The epic heroine Antigone met death by choosing family law over state law; in contrast, survival for many families in postwar South Korea meant following the state's law and thus sacrificing their right to grieve and seek consolation for the death of their kinsmen. The state's repression of the right to grieve was conditioned by the wider politics of the cold war. Emerging from colonial occupation as one of two divided and hostile states, the new state of South Korea found its legitimacy partly in the performance of anti-Communist containment. Its militant anti-Communist policies included making a pure ideological breed and containing impure traditional ties, and they engendered the concept of unlawful, nonnormative kinship. In this context, sharing blood relations with an individual believed to harbor sympathy for the opposite side of the bipolar world meant being an enemy of the political community as an extension of the individual. Left or right in this political history was not merely about bodies of ideas in dispute but also about determining the bodily existence of individuals and collectives. 114

Looking at the wider context, we cannot think of the history of right and left without thinking of the history of mass death. Both right and left were part of anticolonial nationalism, signifying different routes toward the ideal of national liberation and self- determination. In the ensuing bipolar era, the ideas of right and left transformed into the ideology of civil strife and war, in which achieving national unity became equivalent to annihilating one or the other side of the body politic. In this context, the political history of right and left is not to be considered separately from the history of human lives and social institutions torn by the distinction, nor is "the new kinship" after the cold war to be separated from the memory of the dead ruins of this history. 116

If nationalisms in the rest of the world have to choose their imagined community from certain 'modular' forms already made available to them by Europe and the Americas, what do they have left to imagine? History, it would seem, has decreed that we in the postcolonial world shall only be perpetual consumers of modernity. Europe and the Americas, the only true subjects of history, have thought out on our behalf not only the script of colonial enlightenment and exploitation but also that of our anticolonial resistance and postcolonial misery. Even our imaginations must remain forever colonized. ---Chatterjee from The Nation and Its Fragments, quoted in Kwon, p. 125

Europe in the second half of the twentieth century was not the same entity as the Europe we know from colonial history, and the transition from one to the other was coincidental with some of the most violent events experienced in Asia and Africa. Whereas decolonization and political bipolarization were concurrent processes in much of the non-Western world and the violent postcolonial struggles took place within the context of the cold war, the scholarship of postcolonial criticism relegates the political history of the cold war to an analytical void. As a result, it fails to place in proper historical context both its critical aim of cultural decolonization and the main object of hits cultural criticism---European political modernity. 130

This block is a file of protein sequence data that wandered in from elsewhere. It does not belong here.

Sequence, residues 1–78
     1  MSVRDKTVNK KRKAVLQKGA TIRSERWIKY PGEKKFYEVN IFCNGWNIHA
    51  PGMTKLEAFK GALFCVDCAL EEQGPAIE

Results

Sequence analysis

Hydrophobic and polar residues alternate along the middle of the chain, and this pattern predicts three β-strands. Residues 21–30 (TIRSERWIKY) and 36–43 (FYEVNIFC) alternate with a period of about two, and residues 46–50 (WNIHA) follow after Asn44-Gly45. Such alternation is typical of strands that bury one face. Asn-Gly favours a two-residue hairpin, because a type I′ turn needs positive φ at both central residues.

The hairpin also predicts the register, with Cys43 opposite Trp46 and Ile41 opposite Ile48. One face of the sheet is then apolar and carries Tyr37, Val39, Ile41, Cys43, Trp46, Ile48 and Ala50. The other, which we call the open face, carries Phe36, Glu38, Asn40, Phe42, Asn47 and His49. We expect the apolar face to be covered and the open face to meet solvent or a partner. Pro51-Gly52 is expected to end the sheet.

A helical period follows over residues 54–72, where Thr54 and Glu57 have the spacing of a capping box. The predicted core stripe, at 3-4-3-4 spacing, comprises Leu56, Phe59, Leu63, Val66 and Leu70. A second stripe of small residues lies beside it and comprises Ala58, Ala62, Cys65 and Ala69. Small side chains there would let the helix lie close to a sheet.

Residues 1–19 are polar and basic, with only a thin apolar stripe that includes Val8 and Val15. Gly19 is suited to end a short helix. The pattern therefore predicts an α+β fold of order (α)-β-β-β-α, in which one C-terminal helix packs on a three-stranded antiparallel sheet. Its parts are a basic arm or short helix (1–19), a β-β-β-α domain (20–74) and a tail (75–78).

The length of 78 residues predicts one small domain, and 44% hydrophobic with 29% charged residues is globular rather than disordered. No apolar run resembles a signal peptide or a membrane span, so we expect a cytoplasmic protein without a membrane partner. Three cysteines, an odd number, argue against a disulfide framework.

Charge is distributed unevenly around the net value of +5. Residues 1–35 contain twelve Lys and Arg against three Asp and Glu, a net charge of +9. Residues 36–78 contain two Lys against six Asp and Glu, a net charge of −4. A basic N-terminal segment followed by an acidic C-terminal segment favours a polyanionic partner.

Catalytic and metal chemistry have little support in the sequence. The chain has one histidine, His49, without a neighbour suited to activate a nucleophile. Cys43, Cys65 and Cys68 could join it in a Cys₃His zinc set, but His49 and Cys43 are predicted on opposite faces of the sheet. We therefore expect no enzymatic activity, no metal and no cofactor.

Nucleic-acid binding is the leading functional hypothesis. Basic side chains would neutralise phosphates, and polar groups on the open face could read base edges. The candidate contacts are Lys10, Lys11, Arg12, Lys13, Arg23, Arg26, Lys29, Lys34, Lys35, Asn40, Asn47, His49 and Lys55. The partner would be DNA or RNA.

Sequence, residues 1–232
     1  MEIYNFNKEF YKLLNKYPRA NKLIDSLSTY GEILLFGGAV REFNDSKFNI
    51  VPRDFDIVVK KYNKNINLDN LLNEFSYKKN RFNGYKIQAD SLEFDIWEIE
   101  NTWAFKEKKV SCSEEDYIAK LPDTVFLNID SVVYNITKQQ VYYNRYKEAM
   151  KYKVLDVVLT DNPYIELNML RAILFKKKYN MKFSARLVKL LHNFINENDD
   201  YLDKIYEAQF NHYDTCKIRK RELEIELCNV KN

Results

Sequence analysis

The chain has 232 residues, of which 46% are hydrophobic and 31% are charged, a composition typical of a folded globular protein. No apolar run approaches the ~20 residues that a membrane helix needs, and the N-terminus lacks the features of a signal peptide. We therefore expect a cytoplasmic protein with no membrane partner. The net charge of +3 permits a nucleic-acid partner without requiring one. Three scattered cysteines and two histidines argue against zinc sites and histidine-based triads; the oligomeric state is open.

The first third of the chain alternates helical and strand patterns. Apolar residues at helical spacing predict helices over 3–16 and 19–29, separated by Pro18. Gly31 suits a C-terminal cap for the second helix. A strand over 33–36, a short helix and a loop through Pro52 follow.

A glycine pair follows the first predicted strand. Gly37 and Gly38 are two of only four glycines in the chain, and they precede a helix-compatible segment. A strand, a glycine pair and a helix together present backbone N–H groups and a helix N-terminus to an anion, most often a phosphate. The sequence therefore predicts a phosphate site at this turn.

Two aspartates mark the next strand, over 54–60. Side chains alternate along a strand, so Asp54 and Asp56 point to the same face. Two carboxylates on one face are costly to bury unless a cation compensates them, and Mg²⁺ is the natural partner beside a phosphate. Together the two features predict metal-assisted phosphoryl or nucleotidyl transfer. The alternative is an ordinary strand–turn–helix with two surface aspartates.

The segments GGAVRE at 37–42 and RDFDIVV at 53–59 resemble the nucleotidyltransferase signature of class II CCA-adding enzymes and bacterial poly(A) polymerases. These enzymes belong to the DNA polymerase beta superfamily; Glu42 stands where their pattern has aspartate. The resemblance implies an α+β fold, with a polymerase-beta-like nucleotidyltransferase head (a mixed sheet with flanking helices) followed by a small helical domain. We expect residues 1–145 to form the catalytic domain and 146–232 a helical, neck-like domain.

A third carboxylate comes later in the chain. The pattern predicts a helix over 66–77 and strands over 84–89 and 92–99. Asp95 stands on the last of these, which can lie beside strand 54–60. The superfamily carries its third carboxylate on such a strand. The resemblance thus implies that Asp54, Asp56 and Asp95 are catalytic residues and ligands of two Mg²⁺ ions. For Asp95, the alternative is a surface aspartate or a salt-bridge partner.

Although the circumstances in which the massacres in South Korea in 1948-50 took place were somewhat different from the circumstances of the Indonesian experience, they, too, speak to the fact that the viability of postcolonial states in bipolar geopolitics was determined according to the quality of their performance in anti-Communist militancy. The diffusion of the "American way" to these places, in contrast to the equivalent process in the West, involved the proliferation of physical coercive measures and related incidents of mass civilian killing. Understanding the culture of the cold war, therefore, calls for a theory of culture that embraces the contradictory manifestations of the cold war construction, not for a language of culture and power that is incapable of accounting for the vfolent side of bipolar history even when describing a region that suffered a notable episode of such violence. 149

If the global cold war was both an imaginary war and at the same time a generalized experience of political terror and mass death, we need to tell his history accordingly, inclusive of the seismic death events experienced by communities, rather than considering the latter only perfunctory, marginal episodes in an otherwise peaceful, balanced contest of power. The general concept of the cold war resists this effort, but we must not allow this deceptively named struggle for power to continue to deceive us and to shield us from seeing that it left behind countless dead, many of whom are still unaccounted for. The end of the cold war, therefore, signifies much more than the end of a particular political order. It means an end to the traditional way of centering this political order on the paradigm of imaginary war; it means revitalizing the semantic struggle against the dominant meaning of the cold war and beginning to think of it in an alternative, more modern way, free from a hierarchical center/periphery composition. 157